Los Rios Community College District, like all community college districts, suffered during the 2008 economic crash.
Budget cuts led to reductions in course offerings and programs at Sacramento City, American River, Folsom Lake and Cosumnes River colleges. Thousands of students were unable to get the courses they needed to transfer to four-year colleges, and thousands of them fled for private, nonprofit colleges that cost substantially more than the publicly funded community colleges.
Six years on, Los Rios still is recovering from the effects of the Great Recession, restoring courses and growing enrollment while adapting to the ever-changing demands of education, the workforce and technology.
On Nov. 4, three of the seven seats on the district’s governing board are up for grabs. In two, the incumbents – Robert G. Jones in area 2 and Deborah Ortiz area 6 – are running for re-election, and deserve it. They have been solid leaders of this well-run community college district, the second-largest in the state.
In the third race, four men are competing to fill the seat left vacant by the death of Trustee Terry Cochran in February. The winner will serve the remaining two years of Cochran’s term representing area 3.
In that race we recommend Leroy John Tripette, an executive at Intel who would add valuable real-life experience as the district continues to develop ways to prepare students for jobs in the technology sector. His background lends him authority when he says the district must do a better job of providing remedial math classes.
Tripette has spent the better part of two decades at Intel, starting as a software engineer and then moving into corporate affairs, a job that involved building relationships with the community. Six months ago he took on a new position within Intel as the worldwide director of the Computer Clubhouse Program, which works with nonprofits to create digital innovation centers in underserved communities around the world. His work in the private sector dovetails nicely with this position in the public sector.
Tripette is running against Marc Allaman, a high school teacher, and Brad Trimble, a school improvement coach for the University of California Office of the President. A fourth candidate, John R. Knight, appears to have stopped his campaign, if he ever had one.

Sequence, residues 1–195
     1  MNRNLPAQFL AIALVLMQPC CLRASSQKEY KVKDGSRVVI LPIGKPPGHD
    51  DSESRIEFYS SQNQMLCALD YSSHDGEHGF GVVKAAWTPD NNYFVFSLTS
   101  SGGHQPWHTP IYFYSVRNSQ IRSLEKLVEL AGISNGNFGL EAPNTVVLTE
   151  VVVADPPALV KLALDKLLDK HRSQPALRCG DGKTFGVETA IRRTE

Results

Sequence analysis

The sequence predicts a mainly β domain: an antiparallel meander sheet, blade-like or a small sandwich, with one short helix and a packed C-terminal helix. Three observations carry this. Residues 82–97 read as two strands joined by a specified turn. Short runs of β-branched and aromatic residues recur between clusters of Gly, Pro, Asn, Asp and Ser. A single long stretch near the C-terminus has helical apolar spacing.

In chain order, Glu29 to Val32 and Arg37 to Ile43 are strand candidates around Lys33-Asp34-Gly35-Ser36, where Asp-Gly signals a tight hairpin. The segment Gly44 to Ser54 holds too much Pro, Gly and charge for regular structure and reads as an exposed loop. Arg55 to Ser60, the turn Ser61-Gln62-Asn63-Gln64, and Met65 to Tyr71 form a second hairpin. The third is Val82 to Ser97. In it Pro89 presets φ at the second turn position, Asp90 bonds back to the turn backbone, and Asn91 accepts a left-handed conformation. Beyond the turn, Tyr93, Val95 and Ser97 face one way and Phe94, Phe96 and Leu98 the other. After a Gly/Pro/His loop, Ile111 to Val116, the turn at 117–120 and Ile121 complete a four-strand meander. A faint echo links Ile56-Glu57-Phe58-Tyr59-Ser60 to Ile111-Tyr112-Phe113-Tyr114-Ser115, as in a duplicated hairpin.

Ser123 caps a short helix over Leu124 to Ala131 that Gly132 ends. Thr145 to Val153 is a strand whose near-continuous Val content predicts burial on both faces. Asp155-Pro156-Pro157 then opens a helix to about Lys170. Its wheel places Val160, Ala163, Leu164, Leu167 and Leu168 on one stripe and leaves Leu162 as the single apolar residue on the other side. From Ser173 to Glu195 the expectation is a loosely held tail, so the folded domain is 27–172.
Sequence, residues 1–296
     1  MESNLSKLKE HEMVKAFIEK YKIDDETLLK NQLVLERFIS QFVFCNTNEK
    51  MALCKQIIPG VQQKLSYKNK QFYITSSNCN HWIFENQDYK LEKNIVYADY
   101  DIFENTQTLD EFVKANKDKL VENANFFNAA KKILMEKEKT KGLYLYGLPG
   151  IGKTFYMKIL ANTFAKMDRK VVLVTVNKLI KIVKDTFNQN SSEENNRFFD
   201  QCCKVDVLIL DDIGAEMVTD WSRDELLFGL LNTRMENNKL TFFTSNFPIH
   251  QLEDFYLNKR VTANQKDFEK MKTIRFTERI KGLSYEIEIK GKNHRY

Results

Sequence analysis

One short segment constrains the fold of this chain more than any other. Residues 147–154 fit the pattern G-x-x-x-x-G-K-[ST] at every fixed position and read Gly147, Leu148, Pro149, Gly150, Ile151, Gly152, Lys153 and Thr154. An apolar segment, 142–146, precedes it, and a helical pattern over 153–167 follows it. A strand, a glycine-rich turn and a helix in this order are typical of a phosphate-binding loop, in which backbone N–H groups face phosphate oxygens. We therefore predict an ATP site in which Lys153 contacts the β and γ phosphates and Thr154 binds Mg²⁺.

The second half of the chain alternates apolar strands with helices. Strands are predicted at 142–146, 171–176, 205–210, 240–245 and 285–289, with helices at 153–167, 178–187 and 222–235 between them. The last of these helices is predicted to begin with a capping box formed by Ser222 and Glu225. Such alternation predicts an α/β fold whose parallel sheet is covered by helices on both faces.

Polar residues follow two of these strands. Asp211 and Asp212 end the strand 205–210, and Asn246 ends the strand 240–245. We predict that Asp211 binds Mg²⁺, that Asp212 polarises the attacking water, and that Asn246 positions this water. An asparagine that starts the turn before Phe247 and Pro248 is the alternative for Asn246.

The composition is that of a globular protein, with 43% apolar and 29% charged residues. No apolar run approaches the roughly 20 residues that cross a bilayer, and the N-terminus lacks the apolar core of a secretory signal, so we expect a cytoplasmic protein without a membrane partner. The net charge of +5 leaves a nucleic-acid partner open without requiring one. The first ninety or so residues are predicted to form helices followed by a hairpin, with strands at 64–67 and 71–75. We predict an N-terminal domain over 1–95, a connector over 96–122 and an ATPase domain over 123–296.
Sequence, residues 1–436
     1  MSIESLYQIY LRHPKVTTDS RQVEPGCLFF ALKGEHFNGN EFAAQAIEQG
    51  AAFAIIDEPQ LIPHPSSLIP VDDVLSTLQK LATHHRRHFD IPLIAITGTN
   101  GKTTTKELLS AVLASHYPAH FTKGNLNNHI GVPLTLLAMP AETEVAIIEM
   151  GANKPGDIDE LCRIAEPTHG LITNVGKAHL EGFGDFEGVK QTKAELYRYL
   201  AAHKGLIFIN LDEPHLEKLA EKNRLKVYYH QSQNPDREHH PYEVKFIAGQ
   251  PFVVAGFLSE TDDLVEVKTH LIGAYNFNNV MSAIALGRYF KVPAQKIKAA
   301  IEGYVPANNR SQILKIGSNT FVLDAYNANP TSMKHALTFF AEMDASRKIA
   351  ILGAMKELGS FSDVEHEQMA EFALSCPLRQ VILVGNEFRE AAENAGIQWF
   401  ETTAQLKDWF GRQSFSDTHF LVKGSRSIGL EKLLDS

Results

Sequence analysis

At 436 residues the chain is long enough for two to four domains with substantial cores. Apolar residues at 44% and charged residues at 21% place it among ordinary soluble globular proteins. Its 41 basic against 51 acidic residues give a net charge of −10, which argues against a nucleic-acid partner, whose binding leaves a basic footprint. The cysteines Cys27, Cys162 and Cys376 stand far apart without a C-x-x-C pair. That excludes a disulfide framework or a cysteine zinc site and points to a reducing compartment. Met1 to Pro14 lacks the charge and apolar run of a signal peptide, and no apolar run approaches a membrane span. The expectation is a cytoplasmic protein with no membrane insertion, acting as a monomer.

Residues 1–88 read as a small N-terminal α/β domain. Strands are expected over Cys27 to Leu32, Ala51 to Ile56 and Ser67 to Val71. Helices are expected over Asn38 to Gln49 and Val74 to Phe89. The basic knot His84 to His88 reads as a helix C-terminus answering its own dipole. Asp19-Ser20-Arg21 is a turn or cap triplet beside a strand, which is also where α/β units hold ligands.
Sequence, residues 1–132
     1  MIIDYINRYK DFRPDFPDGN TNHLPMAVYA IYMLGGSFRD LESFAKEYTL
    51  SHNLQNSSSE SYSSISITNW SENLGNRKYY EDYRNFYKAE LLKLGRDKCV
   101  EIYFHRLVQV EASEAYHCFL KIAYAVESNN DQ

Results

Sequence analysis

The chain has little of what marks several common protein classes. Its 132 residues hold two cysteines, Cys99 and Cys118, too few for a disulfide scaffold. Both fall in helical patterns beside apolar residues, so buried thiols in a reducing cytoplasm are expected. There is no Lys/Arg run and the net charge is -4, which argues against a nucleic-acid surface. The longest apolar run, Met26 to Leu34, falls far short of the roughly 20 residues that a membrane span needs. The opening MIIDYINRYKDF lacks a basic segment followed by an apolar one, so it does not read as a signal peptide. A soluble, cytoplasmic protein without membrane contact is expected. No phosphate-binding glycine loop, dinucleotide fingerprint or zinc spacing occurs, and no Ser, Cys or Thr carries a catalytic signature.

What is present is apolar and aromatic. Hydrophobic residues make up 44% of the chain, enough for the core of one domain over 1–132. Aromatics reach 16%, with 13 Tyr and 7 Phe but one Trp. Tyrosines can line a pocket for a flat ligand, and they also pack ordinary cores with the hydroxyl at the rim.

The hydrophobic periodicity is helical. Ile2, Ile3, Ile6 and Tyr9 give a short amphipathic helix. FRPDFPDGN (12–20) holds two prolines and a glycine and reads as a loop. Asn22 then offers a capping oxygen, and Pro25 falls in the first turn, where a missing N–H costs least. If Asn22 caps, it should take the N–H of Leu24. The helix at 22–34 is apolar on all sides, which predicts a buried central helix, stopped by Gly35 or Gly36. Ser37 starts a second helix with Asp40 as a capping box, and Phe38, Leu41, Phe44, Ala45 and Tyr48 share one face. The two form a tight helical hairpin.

As for the two incumbents, Ortiz likely will cruise to victory for her second term on the board. And she should. The former legislator and Sacramento City Council member is experienced, intelligent and thoughtful. On the board, she has been a champion for the most vulnerable students. Her challenger, John D. Taylor, an adult education teacher at Folsom Cordova Unified School District, will have a tough time persuading voters to dump her since he didn’t submit a candidate statement in the county ballot.
Like Ortiz, Jones, a retired administrator at California State University, Sacramento, is a solid board member who has a deep understanding of public higher education. His opponents include Timothy Loree, the former Los Rios trustee who lost re-election in 2006 to Jones and wants his old job back. The other is Jayna Karpinski-Costa, a veterinarian and former Citrus Heights City Council member who resigned from that job in 2012, six months before her term expired. She is married to Ted Costa of People’s Advocate, who has gained notoriety as an initiative promoter and for helping launch the effort that led to the recall of Gov. Gray Davis.
We worry that Karpinski-Costa, who has shown little interest in education as part of her years of community activism and volunteerism, sees this as a launching pad for higher office and would politicize the job.
The Los Rios Community College District has been well run. Its campuses are important engines for Sacramento’s economy. The system requires professional, intelligent and thoughtful leadership to help navigate through the next few years. Tripette, Ortiz and Jones will provide that stewardship.